The future is "bright for Sikorsky," says the CEO of the rotorcraft maker’s parent company, United Technologies Corp. (UTC) – but it is not bright enough to keep it inside UTC.

With an adjusted operating margin of 10-13% for 2014, Sikorsky is "just a little, not quite as attractive as the rest of the businesses," according to UTC CEO and President Gregory Hayes. Other operating units inside UTC – namely Pratt & Whitney (P&W), UT Aerospace Systems (UTAS), Otis Elevator and Climate, Controls & Security (CCS) – returned at least 15%.

Also, Hayes said, Sikorsky is a platform-oriented provider dependent on its King Kong-like customer, the Pentagon; both are factors that make squeezing out higher margins more difficult for a conglomerate like UTC compared with commercially oriented systems providers like P&W, UTAS, OTIS and CCS. Defense industry profit growth is seen in low single digits versus mid/high single digits elsewhere in UTC, and Sikorsky’s cash flow is "investment dependent" versus other units where net income can exceed corporate investment.

Hayes spoke March 12 to Wall Street analysts in a webcast event to explain UTC’s decision, announced the night before, to consider spinning off Sikorsky tax-free.

A decision from a review of strategic alternatives is slated by the end of this year, UTC said late March 11. "However, no specific timetable has been set, and there can be no assurance that a spin-off or any other transaction will take place. Likewise, no decision has been made on the timing or terms of any such transaction if one were to occur."

If spun off, Hayes promised Sikorsky would be left a viable, stand-alone business, without too much debt, despite whatever cash out UTC will take. "It is a very, very good business," Hayes said, and "has a solid backlog." He pointed to the renewed VXX presidential helicopter and ongoing CH-53K programs in the Navy Department, as well as the congressionally-favored Air Force rescue helo, which might go with a variant of Sikorky’s iconic Black Hawk.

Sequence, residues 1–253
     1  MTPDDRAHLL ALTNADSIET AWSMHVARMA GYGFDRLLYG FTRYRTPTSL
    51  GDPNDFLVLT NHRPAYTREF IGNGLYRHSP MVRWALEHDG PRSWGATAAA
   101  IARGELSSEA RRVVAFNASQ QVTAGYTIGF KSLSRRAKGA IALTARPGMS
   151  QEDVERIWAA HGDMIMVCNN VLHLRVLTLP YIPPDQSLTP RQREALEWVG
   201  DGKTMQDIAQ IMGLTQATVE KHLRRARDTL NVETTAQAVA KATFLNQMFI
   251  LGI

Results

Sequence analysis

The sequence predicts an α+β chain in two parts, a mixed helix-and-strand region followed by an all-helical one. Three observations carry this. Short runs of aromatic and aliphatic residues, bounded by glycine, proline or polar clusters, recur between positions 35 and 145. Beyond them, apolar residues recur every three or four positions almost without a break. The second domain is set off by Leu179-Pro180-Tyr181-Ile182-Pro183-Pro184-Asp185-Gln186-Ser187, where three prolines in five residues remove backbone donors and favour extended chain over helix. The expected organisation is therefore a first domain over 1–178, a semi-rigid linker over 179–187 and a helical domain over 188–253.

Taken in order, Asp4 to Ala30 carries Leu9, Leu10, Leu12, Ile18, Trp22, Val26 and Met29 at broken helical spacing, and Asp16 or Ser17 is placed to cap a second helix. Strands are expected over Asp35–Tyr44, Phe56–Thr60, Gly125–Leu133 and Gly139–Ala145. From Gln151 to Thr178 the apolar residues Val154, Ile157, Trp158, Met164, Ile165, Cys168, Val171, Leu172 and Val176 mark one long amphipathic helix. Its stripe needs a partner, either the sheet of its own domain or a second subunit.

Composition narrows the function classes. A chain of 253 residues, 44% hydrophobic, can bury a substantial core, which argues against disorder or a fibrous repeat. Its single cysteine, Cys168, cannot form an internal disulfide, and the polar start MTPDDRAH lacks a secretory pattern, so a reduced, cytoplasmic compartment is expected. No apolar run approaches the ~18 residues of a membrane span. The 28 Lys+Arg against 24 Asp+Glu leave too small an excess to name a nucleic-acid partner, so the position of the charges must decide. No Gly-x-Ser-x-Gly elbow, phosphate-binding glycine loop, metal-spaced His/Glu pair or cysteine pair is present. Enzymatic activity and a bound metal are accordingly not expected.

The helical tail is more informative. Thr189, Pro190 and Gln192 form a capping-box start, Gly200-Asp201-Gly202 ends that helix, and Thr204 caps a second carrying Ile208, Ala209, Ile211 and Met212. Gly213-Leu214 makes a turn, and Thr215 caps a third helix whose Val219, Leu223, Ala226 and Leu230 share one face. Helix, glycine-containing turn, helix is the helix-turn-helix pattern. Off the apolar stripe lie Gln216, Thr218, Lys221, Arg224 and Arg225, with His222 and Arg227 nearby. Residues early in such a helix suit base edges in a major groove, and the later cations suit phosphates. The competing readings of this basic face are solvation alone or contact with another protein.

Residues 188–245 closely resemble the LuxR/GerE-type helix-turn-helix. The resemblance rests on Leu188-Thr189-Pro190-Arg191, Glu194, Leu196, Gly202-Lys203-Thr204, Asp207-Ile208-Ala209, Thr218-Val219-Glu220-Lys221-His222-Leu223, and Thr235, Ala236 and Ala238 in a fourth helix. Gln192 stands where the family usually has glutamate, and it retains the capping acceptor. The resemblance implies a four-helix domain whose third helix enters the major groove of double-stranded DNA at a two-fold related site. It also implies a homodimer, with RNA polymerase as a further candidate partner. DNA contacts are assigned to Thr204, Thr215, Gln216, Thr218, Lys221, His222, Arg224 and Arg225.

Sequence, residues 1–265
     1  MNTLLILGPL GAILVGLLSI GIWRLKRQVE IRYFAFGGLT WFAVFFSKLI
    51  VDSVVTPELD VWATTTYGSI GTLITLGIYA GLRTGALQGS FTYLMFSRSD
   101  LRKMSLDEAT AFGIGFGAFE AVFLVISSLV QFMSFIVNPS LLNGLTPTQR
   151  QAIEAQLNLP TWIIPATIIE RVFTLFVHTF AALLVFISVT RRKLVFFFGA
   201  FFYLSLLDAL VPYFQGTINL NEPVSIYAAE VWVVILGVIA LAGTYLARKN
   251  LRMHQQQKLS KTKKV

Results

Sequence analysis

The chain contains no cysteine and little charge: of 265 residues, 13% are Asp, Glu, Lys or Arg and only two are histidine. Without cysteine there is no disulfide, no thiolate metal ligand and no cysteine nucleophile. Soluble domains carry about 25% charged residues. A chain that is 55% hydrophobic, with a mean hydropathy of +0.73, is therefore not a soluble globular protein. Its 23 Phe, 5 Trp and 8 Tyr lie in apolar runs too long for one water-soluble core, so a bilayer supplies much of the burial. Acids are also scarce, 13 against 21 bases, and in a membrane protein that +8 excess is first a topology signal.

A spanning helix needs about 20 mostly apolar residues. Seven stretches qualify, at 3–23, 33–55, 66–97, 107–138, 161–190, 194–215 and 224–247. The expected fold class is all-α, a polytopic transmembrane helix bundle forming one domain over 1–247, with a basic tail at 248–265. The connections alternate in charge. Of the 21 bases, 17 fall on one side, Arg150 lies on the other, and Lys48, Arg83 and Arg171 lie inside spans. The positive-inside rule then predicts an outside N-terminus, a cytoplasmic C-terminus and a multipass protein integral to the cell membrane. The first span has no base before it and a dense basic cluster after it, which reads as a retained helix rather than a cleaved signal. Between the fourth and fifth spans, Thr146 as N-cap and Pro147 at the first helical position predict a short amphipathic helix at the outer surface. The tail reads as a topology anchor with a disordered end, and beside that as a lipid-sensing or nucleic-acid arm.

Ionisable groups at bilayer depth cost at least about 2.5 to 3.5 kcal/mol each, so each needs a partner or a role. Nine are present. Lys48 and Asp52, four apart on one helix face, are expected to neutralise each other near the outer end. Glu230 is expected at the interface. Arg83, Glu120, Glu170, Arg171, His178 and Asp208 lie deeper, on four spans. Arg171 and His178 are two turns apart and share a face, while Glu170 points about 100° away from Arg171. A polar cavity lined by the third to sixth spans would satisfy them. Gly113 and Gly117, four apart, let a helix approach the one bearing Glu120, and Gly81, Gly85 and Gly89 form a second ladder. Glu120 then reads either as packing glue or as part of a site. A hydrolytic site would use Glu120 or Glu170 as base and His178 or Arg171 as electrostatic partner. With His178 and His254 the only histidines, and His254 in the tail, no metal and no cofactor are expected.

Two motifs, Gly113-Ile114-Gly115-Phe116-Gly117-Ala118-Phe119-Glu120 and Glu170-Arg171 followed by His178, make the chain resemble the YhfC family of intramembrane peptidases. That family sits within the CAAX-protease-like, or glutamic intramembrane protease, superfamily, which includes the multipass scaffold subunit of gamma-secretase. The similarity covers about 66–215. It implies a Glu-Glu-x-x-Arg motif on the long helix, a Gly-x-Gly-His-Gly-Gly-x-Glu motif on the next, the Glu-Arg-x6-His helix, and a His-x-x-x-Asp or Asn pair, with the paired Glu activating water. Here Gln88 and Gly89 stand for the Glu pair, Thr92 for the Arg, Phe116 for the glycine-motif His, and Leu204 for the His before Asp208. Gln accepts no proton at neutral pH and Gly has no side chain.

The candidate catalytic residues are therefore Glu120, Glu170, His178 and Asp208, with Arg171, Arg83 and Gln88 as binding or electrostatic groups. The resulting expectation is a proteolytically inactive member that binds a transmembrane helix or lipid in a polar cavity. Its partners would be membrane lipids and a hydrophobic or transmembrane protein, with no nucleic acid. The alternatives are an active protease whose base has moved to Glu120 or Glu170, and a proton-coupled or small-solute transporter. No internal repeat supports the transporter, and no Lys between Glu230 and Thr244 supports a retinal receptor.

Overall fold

Moreover, it is a leader in technology development, starting with advances in vehicle autonomy, a research priority for the Pentagon. And Sikorsky’s S-97 Raider prototypes are trying to prove the operational value of the 220-kt. cruise speed, high-g maneuverability, low-speed agility and hover efficiency of the X2 rigid coaxial-rotor compound helicopter. In turn, the Raider underpins a Sikorsky/Boeing SB-1 Defiant medium-utility demonstrator for the Army, scheduled to fly in 2017.

According to Capital Alpha Partners, U.S. government sales were 52% of Sikorsky’s total $7.5 billion in 2014 sales, while international military made up about 20%. Bank of America Merrill Lynch estimated 2016 earnings before interest, taxes, depreciation and amortization (Ebitda) will be about $416 million, while EBIT margin will be 6%. Its "unlevered," i.e., debt-free enterprise value could be $3.6 billion.

But besides a lower margin compared with other UTC units, Sikorsky also brings in less sales revenue, at $7 billion last year versus roughly $30 billion for the other units. In turn, many analysts said they were not surprised by a possible spin-off, which would be more welcome by stakeholders like UTC and its shareholders versus a taxable sale to another company. It also comes as Hayes follows through on Wall Street expectations that he reshape and refine UTC toward greater profit growth after his abrupt promotion late last year (Aerospace DAILY, Jan. 30).

"We think Sikorsky is an under-appreciated part of UTX (UTC), and spinning it out (versus a tax inefficient sale) could realize this value," RBC Capital Markets said. "Sikorsky’s military markets are looking up, and it has had a clean sweep of new program wins in 2014. Down the line there could also be more helicopter market consolidation."